[OSM-talk] Potlatch again

Mike Harris mikh43 at googlemail.com
Tue Jan 13 12:09:45 GMT 2009

As a relative newbie I still remember my first experiences with both
Potlatch and JOSM. I have no idea whether my own experience is typical but I
did find the learning curve steeper on Potlatch than on JOSM even though the
wikis imply the opposite. I think that Richard may have put his finger on it
- the newbie instructions for Potlatch are a little 'dense' - at least until
you are not quite a newbie!

I would like to help with rewriting these but don't feel that I am competent
enough yet - probably still doing some things wrong (and don't know how to

Also - for what it's worth - I find that I use both Potlatch and JOSM but
for different tasks. I use JOSM as my main editor and for doing bulk work on
new routes. I find Potlatch is better for doing minor tweaks and also for
Yahoo tracing (even with the JOSM plugins, the rectification seems better on
Potlatch - or am I just imagining this?!).

Mike Harris

-----Original Message-----
From: Richard Fairhurst [mailto:richard at systemed.net] 
Sent: 12 January 2009 15:07
To: Talk Openstreetmap
Subject: Re: [OSM-talk] Potlatch again

Gert Gremmen wrote:

> Thank you Thomas,
> The image you provided to prove your solution was a complete surprise 
> to me and may contribute to a solution for this everlasting Potlatch 
> Critic.
> You are right, and I am right.
> My screen looks entirely different, due to the missed option (I mean: 
> I missed it and probably also those users that have problems editing 
> with Potlatch) to show ways as THIN LINES.
> Am I right in assuming that Potlatch in default mode shows fat ways 
> and fat nodes ? Then just changing the default setting of this switch 
> would improve a lot in editing quality.

Heh - you can't please all the people all the time.

I got asked to do the fat ways and fat nodes for our Stateside friends whose
main editing work is realigning raw TIGER data onto the better-rectified
Yahoo imagery, and were finding it frustratingly tedious to click on the
thin nodes.

So here's something you, and others reading this message, can do which would
actually be useful.

For each zoom level (z13-z20) Potlatch has its own line thickness, POI size
and node size. Personally I think z13-z16 are about right but z17-z20 need
some attention. (There's even a case for having z20 as super-thin lines
because, by definition, if you're editing at z20 you want precision.)

But I don't have all the answers and would like to know what others think.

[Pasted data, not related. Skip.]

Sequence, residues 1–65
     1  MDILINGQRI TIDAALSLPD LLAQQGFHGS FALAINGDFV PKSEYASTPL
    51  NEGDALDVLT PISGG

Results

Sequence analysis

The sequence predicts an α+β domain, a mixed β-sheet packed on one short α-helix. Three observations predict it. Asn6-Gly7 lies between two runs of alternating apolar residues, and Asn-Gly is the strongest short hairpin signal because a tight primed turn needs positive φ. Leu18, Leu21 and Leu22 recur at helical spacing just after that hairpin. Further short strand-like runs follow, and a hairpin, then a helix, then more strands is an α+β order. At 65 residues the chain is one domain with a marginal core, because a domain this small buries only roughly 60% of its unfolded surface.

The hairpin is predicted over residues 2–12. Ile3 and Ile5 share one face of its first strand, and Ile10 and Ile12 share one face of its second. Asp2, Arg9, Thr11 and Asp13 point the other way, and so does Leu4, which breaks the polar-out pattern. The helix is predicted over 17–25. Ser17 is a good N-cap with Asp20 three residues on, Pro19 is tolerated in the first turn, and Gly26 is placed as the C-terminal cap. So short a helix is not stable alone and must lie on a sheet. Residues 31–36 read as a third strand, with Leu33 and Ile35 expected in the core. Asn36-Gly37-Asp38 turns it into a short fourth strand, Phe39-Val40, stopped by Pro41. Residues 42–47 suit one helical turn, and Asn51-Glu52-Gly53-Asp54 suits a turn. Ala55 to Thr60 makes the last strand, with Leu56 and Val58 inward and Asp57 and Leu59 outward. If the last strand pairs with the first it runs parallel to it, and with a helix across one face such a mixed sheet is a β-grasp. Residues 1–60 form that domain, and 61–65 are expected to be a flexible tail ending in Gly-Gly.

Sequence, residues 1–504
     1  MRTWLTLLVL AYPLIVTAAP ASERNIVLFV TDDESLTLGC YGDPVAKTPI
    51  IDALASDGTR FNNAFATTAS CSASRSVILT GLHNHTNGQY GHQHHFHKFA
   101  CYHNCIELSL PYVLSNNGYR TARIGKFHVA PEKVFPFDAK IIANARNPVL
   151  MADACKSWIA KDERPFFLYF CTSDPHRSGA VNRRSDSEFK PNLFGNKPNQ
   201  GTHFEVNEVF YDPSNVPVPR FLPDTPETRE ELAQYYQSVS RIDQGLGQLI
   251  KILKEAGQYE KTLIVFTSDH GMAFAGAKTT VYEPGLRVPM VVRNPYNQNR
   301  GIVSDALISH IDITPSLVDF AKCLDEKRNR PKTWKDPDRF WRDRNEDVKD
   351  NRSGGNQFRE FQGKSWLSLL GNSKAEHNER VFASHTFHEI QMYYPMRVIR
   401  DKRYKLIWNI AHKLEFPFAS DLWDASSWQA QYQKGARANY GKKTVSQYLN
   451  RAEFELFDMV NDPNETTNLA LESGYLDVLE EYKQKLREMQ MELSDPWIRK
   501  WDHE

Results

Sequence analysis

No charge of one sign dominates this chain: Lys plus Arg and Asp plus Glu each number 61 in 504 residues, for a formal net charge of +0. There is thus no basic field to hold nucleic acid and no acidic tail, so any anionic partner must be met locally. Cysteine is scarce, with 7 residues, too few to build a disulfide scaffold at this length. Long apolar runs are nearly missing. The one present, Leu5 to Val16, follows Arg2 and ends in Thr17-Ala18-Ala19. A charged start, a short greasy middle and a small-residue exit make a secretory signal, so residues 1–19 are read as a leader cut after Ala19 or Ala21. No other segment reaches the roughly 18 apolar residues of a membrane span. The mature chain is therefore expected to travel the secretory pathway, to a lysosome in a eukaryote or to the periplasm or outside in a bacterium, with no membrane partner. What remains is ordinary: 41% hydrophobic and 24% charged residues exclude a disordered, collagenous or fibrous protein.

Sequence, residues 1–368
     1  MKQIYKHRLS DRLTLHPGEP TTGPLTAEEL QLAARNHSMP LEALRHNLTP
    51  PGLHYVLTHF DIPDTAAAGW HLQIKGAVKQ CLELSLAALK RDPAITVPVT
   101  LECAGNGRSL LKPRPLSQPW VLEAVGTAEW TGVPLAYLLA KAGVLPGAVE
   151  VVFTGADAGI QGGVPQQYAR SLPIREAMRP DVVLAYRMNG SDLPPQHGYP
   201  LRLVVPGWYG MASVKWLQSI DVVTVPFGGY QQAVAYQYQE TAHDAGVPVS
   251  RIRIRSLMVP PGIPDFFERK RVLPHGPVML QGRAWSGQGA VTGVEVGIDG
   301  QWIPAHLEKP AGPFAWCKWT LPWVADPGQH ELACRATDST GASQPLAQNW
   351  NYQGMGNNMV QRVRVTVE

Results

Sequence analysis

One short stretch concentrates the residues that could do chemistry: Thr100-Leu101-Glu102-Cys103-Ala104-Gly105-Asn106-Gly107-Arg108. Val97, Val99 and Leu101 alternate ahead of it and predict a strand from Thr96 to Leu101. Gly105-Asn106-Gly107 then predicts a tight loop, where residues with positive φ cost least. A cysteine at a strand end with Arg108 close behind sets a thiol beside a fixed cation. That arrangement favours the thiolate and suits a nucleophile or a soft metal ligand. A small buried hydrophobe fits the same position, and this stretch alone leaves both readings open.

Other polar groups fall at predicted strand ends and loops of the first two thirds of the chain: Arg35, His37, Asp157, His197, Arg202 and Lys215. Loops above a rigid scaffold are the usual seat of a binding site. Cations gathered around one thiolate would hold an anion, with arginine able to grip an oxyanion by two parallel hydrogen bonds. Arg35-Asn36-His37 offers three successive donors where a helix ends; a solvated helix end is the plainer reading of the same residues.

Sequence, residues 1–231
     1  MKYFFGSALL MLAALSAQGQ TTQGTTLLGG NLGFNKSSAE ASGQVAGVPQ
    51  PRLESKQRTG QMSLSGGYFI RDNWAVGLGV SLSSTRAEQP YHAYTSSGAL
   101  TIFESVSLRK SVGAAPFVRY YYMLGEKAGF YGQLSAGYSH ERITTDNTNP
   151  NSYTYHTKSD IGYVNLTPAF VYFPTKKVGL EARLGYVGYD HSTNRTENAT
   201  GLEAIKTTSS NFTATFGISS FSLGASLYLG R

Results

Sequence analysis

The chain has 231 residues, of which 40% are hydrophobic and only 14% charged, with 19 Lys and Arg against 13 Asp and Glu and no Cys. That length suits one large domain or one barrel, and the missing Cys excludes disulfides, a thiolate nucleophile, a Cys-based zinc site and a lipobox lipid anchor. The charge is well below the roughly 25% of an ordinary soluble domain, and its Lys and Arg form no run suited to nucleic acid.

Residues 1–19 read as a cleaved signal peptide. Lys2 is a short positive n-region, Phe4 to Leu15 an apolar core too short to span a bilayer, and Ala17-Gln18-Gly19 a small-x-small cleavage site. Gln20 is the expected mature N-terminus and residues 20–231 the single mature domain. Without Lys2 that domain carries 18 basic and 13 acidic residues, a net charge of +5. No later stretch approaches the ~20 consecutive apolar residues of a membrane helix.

How thick should they be? Do not put it here because mailing lists are
utterly useless for bug-reporting - things just get lost.  
Use this trac ticket:
Hey, if you've never used trac before it can be your introduction to this
fascinating world.

(While doing this, remember Potlatch takes a few seconds to redraw lines at
the right size for that zoom level. I need to speed that up in the next

> And to Richard:
> Why react so strong ?
> Instead of cursing  just ask why others experience problems and not 
> shoot (screw?) the messenger especially if he provides proof of 
> editing problems.

The way to provide proof of editing problems is to do it politely.  
Not screaming with capital letters everywhere. Not _assuming_ it's the fault
of the editor, that the editor author is unaware, and what I find most
offensive, your implication that the editor author is blissfully sailing
along without any intention to ever improve Potlatch, in a mail that arrived
a couple of hours after I'd checked in some more stuff for Potlatch and API

Despite all that, I would have responded more politely had you not done
exactly the same thing last month:

> Im a mapper, not a coder, and I won't make a Patch for obvious 
> reasons.

Patches don't have to be code. (I said this last month, too.)

Joining two ways in Potlatch is pretty easy. You mouse-over the other one
until the nodes light up blue, and a little tooltip appears at the top
right. It could be better (for example, I'd like to have "connection" nodes
appear as concentric circles - (o) - to make it
clear) but it's pretty good thus far.

So why do people get it wrong? And I'm not doubting that they do.

Well, one of the reasons is that our beginners' documentation is the weakest
part of the whole caboodle. Put yourself in the position of a newbie. You're
not sure what to do (as Chris Schmidt observed on #irc, "editing topology is
hard") - you may not even realise that the roads have to link together. So
you click the nice "Help/Wiki" link on the left. There's a big button marked
"Beginners' Guide", so you click that.

And then it all goes wrong.

First step: Collect Data. Erm - maybe. I don't think I need that, I just
want to draw a tram line along this road. And it's telling me something
about a collaborative mapping project for Korea. Maybe I'll skip that? This
map thing is harder than I thought.

Second step: Upload Data. Help. I need to upload something? What's that? I
have to save my files to GPX, it says? And "download it into JOSM for
editing"? What do all these strange letters mean?

It's insane. The user doesn't even know what Potlatch is yet, let alone
JOSM. They just clicked "Edit" to add 500m of tram line.

What would be the single best patch anyone could contribute to OSM right
now? Rewriting the beginner docs from scratch. I'm 100% serious.

> To d
> Thanks for putting oil on the waves....

+1 :)


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